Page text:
The elimination mode is similar to free-for-all but instead it’s a “two monsters enter, one survives” situation where you have a finite number of respawns. However, if you picked one of the weaker monsters, you’ll find yourself suffering a quick death (sure it’s the monster, not you…). Luckily, the game allows you to pick a new monster each time you die. This allows each round of fighting to be different instead of a bad case of deja-vu and it was a welcome breath of fresh air. It actually made dying less painful because I knew I could mix it up and try my luck with another character. 
Each game mode is a blast to play with a buddy, but the real star of the game is the attention to detail. I don’t just mean the graphics, but the homage to classic B-movie legends like Godzilla, Mothra, King Kong, and the like. Each character in the game is inspired in some part by some cheesy rubber suit monster, right down to special moves and monster screeches. You can just picture you and your opponents on some miniaturized city set duking it out 40+ years ago while model planes buzz around your head. Even the loading screens are based on classic movie posters and fake newspaper articles about monster attacks. The makers of War of the Monsters obviously took their fandom of the genre and proudly made a game to reflect their love for a bygone cinematic age.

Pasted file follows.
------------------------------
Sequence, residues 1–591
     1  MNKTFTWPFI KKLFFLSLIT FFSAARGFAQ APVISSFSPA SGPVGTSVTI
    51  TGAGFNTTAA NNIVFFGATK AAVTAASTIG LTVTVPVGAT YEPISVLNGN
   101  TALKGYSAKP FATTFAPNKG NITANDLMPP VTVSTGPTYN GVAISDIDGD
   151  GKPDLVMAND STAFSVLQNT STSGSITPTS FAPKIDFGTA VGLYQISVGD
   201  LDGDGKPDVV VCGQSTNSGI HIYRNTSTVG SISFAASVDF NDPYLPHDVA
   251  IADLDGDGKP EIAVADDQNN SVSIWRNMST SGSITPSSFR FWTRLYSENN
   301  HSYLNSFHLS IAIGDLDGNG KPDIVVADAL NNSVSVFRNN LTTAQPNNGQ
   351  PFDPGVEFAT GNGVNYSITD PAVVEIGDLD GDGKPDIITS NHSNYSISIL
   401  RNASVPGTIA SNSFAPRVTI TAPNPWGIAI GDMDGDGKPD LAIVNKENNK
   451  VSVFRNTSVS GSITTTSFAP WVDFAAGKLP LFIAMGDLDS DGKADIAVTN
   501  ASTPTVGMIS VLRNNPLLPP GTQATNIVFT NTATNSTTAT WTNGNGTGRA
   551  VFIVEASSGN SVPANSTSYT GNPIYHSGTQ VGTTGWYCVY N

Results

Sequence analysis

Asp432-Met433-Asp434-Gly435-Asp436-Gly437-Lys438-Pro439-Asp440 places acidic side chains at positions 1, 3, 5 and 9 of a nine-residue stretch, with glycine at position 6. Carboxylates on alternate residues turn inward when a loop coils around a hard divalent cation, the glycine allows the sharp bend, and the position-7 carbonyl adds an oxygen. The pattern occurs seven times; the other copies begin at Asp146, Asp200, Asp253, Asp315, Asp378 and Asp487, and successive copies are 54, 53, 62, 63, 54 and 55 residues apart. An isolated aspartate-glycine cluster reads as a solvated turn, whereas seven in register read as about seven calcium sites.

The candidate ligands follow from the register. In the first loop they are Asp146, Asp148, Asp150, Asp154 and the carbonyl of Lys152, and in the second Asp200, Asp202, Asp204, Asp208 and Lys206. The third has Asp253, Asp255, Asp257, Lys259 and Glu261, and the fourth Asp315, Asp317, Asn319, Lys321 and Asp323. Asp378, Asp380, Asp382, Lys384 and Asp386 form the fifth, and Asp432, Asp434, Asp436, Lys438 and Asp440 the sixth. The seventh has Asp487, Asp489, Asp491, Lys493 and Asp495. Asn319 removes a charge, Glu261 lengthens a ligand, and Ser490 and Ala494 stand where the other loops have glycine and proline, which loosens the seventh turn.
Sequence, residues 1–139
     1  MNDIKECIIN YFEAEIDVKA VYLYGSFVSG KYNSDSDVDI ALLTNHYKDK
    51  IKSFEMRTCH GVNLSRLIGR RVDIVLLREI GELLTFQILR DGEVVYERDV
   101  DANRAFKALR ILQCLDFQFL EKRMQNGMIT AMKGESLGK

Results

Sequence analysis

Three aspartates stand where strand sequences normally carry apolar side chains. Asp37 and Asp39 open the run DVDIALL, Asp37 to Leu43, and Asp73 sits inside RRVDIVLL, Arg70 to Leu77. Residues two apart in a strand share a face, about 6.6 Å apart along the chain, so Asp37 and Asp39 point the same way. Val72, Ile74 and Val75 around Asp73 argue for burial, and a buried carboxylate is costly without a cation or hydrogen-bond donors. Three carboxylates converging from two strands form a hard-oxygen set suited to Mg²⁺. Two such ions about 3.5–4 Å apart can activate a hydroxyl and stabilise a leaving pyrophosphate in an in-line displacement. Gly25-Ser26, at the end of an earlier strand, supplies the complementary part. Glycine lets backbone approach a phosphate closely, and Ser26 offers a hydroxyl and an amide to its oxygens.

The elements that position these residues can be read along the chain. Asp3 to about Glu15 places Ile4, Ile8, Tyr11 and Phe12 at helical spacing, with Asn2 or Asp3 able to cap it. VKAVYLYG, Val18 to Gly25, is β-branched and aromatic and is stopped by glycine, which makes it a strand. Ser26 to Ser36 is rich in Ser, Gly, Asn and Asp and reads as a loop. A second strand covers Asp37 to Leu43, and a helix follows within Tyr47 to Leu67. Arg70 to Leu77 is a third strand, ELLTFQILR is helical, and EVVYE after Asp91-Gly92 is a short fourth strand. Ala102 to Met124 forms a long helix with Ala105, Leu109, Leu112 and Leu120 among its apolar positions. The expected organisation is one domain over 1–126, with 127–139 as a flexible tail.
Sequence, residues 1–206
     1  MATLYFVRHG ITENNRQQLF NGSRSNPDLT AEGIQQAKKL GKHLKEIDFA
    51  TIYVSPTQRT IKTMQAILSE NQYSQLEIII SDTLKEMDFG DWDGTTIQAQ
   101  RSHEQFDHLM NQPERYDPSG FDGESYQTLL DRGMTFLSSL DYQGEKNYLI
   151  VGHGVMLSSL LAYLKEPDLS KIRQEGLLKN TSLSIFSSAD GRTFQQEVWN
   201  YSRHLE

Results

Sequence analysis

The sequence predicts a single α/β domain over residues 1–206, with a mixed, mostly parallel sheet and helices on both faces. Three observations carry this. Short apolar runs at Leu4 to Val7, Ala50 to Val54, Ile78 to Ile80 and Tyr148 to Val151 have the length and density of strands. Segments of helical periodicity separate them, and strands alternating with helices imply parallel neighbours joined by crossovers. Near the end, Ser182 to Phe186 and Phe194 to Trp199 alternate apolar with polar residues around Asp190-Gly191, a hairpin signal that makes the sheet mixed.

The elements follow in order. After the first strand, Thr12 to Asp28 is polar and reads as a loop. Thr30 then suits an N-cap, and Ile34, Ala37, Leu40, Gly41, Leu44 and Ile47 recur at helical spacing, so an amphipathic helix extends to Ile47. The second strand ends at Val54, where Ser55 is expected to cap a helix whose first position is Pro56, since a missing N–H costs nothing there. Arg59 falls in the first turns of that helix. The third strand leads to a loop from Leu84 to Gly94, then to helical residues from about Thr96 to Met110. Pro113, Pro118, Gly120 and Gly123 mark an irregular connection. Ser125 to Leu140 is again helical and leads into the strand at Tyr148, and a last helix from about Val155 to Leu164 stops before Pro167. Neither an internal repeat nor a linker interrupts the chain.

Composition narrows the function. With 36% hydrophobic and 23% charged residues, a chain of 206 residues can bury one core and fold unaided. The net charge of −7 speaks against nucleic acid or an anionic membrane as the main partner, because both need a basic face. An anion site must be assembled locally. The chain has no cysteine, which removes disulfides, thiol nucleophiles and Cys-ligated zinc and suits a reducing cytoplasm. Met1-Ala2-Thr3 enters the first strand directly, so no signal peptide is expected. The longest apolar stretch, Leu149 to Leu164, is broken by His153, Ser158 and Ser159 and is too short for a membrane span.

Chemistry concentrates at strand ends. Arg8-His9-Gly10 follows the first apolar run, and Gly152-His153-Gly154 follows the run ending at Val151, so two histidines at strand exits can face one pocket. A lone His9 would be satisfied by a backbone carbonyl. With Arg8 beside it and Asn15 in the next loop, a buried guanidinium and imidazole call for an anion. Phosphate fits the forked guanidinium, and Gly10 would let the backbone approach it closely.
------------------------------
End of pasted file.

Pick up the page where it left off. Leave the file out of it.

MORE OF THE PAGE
The game environments are also heavily rooted in the monster movie genre, from an island of atomic waste to a typical city teeming with people running for their lives beneath your feet. That right there would be enough to satisfy me as the backdrop for epic clashes, but each environment is littered with hidden weapons and power ups for you to discover. Fortune favors the curious in this game – destroying buildings just for the hell of it can provide a steel girder with which to pummel your opponent, or it may reveal a secret power-up instantly giving your monster extra energy for special attacks. Smashing any and all things in War of the Monsters is fun on its own, and even more so with the chance of a reward beneath the rubble.